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Cicada: DNA study reveals odd story

As already said, this springs will bring swarms of cicadas to U.S. East Coast, from North Carolina up to Connecticut. Yet, it's a mistery how cicadas got stuck in 13 and 17 year life cycle.

Cicadas spend most of their living time underground, by surviving on bacteria and tree roots. When the ground reaches 18 °C, in the 13th or 17th year ( depending on their species), they leave their colonies to search for a mate.

In 2004 a Brazilian study suggested that cicadas didn't just settle on a random number, but instead found that intervals based on prime numbers, offered the best breeding strategy of stayng alive.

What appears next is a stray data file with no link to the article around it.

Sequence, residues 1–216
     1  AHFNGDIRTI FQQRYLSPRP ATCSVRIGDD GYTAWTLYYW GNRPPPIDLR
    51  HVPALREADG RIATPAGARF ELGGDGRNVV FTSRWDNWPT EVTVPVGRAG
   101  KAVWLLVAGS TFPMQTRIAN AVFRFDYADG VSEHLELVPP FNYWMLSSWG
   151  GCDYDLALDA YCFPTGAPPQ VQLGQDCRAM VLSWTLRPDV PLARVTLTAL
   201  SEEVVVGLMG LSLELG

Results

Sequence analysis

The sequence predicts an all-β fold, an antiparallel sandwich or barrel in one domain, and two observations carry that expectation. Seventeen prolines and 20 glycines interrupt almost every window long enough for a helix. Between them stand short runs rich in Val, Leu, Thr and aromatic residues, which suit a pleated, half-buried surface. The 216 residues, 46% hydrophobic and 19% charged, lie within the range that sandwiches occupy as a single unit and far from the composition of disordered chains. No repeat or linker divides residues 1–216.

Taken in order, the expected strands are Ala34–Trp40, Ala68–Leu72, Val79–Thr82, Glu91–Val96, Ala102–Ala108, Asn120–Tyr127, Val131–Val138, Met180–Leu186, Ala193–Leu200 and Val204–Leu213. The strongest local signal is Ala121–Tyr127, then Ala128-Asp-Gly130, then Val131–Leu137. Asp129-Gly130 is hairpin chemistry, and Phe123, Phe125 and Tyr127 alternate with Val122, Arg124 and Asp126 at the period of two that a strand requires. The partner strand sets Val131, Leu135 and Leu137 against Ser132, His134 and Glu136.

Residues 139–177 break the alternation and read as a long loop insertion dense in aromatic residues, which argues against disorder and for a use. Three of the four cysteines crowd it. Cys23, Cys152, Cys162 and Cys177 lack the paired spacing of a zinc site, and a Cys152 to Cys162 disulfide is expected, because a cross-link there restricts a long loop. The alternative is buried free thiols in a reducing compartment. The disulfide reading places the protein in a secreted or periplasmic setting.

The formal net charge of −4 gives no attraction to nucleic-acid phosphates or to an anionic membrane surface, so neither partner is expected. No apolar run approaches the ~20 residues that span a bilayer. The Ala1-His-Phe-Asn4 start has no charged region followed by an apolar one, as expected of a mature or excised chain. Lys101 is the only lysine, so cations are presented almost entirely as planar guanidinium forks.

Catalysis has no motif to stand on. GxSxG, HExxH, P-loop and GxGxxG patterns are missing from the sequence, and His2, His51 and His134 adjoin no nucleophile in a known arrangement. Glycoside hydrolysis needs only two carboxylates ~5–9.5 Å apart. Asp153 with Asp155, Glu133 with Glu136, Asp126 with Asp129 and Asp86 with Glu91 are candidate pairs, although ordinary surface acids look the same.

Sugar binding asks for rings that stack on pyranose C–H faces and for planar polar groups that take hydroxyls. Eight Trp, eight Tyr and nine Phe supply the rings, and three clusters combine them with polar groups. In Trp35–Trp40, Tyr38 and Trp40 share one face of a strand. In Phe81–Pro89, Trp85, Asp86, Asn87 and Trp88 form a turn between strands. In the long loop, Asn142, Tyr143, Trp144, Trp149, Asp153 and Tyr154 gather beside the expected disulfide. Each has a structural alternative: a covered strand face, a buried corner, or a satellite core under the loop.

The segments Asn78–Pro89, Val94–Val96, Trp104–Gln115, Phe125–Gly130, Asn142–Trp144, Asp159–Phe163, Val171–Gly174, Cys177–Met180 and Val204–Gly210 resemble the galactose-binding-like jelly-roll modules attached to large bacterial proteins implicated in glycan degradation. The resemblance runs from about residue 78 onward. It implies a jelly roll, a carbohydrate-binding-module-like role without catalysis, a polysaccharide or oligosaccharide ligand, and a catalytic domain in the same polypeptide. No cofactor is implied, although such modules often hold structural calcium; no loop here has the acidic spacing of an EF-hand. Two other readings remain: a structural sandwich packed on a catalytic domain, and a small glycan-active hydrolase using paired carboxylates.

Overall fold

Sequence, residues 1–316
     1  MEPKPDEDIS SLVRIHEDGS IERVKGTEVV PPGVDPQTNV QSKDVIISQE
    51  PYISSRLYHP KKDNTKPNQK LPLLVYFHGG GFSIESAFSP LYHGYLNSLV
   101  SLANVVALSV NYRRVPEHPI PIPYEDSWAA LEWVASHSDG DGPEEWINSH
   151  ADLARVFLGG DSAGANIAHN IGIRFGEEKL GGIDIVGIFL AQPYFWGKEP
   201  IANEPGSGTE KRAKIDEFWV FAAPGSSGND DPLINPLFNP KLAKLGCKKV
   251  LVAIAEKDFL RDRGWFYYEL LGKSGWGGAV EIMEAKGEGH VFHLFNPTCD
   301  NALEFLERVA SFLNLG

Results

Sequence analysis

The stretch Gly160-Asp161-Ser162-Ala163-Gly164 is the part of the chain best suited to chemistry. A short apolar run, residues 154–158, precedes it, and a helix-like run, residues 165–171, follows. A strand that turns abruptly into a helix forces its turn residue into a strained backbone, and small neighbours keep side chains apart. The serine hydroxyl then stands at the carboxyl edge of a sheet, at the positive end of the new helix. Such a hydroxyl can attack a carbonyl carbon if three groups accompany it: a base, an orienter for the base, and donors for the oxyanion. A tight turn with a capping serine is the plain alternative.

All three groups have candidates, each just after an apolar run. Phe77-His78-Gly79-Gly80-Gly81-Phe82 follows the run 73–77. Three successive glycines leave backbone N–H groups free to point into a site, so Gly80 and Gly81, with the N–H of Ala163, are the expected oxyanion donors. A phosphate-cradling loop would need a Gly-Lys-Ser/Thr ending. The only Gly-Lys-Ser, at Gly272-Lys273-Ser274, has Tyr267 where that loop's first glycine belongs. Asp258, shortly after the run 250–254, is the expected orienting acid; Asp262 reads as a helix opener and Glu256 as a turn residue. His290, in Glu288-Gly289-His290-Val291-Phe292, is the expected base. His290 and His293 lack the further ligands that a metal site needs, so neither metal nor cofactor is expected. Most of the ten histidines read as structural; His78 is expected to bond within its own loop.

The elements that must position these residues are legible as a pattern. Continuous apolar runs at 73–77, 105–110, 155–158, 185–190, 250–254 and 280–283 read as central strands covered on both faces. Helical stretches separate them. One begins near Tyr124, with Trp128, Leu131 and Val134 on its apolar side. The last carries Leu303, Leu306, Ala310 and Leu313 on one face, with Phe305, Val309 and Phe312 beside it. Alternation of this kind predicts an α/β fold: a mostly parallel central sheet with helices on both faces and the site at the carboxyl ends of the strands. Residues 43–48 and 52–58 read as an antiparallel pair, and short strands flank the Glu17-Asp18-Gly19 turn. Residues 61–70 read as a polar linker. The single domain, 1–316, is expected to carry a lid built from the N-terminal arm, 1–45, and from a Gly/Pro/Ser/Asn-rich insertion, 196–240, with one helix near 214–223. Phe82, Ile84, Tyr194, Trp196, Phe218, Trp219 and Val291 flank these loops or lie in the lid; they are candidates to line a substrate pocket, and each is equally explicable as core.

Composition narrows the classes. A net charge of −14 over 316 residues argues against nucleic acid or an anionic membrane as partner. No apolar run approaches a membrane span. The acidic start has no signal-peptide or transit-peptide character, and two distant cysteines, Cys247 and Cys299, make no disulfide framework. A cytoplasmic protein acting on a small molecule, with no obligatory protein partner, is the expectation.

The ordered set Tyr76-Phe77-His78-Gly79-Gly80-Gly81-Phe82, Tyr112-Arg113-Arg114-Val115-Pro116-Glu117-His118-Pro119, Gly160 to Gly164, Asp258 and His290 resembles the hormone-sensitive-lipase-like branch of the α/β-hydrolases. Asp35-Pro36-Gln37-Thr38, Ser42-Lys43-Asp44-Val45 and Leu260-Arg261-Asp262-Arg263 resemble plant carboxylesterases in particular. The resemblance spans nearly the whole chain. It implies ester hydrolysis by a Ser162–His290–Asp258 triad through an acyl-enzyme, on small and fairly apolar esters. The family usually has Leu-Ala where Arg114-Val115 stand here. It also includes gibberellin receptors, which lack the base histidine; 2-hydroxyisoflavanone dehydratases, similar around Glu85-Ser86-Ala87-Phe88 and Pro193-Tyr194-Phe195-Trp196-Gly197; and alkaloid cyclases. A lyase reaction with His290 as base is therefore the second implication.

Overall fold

Now researchers in Japan and U.S. reveal a new study published in Proceedings of the National Academies  of Science thet breeding on intermittent cycles has changed the insect's DNA over time. The study showed that cicadas of different species, despite the similiar way they emerge in different timelines, evolved independently over millions of years. 

The discovers came from analyzing DNA from 30 years of samples kept at University of Connecticut. 

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